A new study on the mechanics of aging and longevity finds that fruit flies inhibited from producing the protein Sirt4 -- which is also found in humans -- are short-lived, while flies modified to make extra Sirt4 are long-lived. In addition, flies lacking Sirt4 display increased sensitivity to starvation, decreased fertility and activity, and an inability to use energy stores in their bodies.
The results suggest that boosting Sirt4 activity may be an important avenue for treating age-related metabolic decline and disorders, such as diabetes and obesity, and promoting a healthy lifespan. The study appears in the Proceedings of the National Academy of Sciences.
"We show that Sirt4 is responsible for regulating both lifespan and metabolism in an organism, and specifically that it coordinates the metabolic response to fasting," said lead author Jason Wood, a researcher in Brown University's Department of Molecular Biology, Cell Biology and Biochemistry. "We also demonstrate that overexpressing the gene for Sirt4 can extend lifespan of the fly."
The genetic traits of fruit flies make them living models for exploring behavioral, development, genetic and metabolic conditions and diseases in humans.
In the study, flies modified to produce extra Sirt4 saw their healthy lifespans extended by 20 percent. Removing the ability of flies to produce Sirt4 cut their healthy lives by 20 percent. Also, without Sirt4 in their cells, flies when removed from food died rapidly, even when nutrients and fats were still present in their bodies.
Sirt4 belongs to a class of proteins, called sirtuins, known to regulate aspects of longevity, metabolism, genome stability, diabetes and neurodegeneration. Sirt4 is found in mitochondria, which are cellular structures where respiration and energy production take place.
Human cells contain seven different sirtuins, including three mitochondrial sirtuins, Sirt3, Sirt4 and Sirt5. Fruit fly cells contain just one mitochondrial sirtuin, Sirt 4. Increasing or decreasing expression of Sirt4 in living flies allowed the researchers to discover what function Sirt4 played in the insects -- and possibly in humans.
"We show for the first time that increasing the activity of a mitochondrial sirtuin can extend lifespan," Wood said. "No previous research has found that increasing the activity of a mitochondrial sirtuin such as Sirt4 extends the healthy lifespan of a living organism."
The study also shows Sirt4 may be a gene responsible for the metabolic action of fasting, particularly the gene vital to regulating when an organism switches from carbs to fat. A creature that lacks the gene starves to death much more rapidly than normal under poor nutritional conditions.
Sirt4 is involved in the "fuel switch" during fasting, said Stephen Helfand, a professor of biology at Brown and senior author of the study. "Without Sirt4, the fly cannot access many of the nutrients and stored fats when fasting."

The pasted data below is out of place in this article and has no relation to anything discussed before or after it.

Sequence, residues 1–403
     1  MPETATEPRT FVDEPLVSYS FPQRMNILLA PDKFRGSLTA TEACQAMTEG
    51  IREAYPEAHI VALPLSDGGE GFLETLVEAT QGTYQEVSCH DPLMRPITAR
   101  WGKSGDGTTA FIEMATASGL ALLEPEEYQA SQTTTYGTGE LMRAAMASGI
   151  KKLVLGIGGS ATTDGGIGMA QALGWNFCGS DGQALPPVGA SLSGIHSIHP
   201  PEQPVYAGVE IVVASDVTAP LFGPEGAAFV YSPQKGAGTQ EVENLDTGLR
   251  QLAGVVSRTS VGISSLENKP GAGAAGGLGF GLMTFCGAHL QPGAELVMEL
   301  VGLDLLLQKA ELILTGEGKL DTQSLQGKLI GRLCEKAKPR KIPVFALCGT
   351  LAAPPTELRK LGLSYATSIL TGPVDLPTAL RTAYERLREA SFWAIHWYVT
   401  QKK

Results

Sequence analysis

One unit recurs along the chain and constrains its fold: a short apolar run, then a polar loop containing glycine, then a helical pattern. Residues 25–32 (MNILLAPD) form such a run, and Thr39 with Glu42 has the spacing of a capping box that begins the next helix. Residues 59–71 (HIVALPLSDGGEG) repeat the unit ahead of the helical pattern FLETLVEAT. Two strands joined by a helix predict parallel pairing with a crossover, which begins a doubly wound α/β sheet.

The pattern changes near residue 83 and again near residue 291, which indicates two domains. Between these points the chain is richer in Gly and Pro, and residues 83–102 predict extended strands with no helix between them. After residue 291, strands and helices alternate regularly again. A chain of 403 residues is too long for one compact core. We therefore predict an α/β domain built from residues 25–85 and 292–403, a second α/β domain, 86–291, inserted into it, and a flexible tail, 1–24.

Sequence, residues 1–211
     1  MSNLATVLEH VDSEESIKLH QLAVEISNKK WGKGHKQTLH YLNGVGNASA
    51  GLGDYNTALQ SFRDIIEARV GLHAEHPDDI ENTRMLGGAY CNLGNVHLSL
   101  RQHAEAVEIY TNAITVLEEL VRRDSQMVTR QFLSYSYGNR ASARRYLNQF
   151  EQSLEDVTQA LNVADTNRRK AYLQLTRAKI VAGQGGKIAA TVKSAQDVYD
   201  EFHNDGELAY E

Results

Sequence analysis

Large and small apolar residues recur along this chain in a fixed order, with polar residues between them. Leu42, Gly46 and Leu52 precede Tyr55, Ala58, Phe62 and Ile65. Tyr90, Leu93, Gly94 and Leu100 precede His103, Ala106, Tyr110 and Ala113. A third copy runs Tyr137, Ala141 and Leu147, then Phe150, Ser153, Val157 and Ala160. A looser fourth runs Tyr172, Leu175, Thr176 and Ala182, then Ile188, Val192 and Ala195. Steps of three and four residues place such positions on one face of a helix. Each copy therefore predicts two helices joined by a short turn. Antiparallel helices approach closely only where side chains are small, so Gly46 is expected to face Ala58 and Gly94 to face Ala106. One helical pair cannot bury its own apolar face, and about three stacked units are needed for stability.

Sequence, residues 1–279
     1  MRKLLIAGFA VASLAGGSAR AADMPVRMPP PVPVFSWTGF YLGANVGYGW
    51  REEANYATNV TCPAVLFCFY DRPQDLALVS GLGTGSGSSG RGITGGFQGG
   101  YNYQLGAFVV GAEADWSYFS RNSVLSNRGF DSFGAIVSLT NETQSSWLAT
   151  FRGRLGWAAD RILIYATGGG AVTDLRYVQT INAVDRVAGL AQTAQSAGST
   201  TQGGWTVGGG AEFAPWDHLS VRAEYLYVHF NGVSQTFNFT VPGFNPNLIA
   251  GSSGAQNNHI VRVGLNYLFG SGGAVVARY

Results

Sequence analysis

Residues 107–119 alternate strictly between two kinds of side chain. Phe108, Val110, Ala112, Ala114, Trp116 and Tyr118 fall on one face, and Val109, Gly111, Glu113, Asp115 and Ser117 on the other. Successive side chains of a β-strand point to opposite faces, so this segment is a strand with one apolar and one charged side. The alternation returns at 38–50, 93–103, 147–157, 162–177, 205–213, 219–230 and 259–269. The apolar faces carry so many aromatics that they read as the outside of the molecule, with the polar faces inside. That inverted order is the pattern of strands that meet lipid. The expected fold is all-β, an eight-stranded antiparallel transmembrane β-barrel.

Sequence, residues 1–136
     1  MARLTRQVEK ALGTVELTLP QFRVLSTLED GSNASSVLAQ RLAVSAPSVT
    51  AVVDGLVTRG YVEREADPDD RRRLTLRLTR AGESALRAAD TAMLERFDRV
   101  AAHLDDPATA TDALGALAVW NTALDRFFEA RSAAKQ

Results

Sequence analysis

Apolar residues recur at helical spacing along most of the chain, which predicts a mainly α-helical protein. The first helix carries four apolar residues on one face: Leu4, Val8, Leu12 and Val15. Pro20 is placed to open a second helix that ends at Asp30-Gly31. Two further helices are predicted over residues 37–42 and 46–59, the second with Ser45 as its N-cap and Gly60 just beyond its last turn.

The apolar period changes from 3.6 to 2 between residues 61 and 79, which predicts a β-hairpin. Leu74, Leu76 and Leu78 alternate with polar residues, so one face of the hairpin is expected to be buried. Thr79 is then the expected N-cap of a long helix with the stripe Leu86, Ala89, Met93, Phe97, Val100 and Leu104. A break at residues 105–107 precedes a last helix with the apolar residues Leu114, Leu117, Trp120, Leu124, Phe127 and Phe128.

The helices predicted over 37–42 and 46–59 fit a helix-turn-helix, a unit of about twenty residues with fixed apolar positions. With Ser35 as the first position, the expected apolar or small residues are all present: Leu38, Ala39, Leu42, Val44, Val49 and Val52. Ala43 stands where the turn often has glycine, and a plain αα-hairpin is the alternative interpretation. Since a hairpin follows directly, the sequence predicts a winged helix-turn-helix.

Researchers know that temporary fasting in a living organism is valuable in resetting its metabolism. Such findings gave rise to what are called "near-starvation" diets to improve health and extend lifespan.
But scientists don't know how that fasting-to-reverse-aging mechanism works. Sirtuins likely play a role, Helfand said. "We want to understand more about the role of sirtuins and their involvement in pathways of calorie restriction."
The findings serve as a starting point for explaining how Sirt4 works, Wood said. He was part of previous research on the sirtuin activator, resveratrol, linked to the slowing of aging and fighting illnesses such as cancer and diabetes. Research suggests that resveratrol activates the protein Sirt1. Now, the researchers want to know what activates Sirt4.
"We think Sirt4 is an attractive target to help improve diseases of metabolism and possibly extend healthy life," said Helfand. "In living flies, we saw that it worked, but we're not sure how."
Studies in mammalian cells and tissues have produced conflicting results on how mitochondrial sirtuins affect overall metabolism in mammals, Helfand added. The fruit fly has just one mitochondrial sirtuin, offering a "clear, focused ability to disrupt that one protein," he said. "This provides us with a direct approach for assessing the major functions of mitochondrial sirtuins."
This study was based "on a whole-animal model," said Wood. "We could see what happened in the living fly after we deactivated or overexpressed a gene."
Funding for the study came from an Ellison/American Federation for Aging Research (AFAR) Postdoctoral Fellowship Award, Nathan Shock Center Pilot Grant, Glenn/AFAR Breakthroughs in Gerontology Award, NIH Program Project Grant, and two grants from the National Institute on Aging.
Other authors include Priyan C. Wickremesinghe, Davis A. Hartnett, Lucas Burhenn and Meyrolin Garcia of Brown University; Bjoern Schwer of the University of California, San Francisco; and Eric Verdin, of the University of California, San Francisco and the Buck Institute for Research on Aging.
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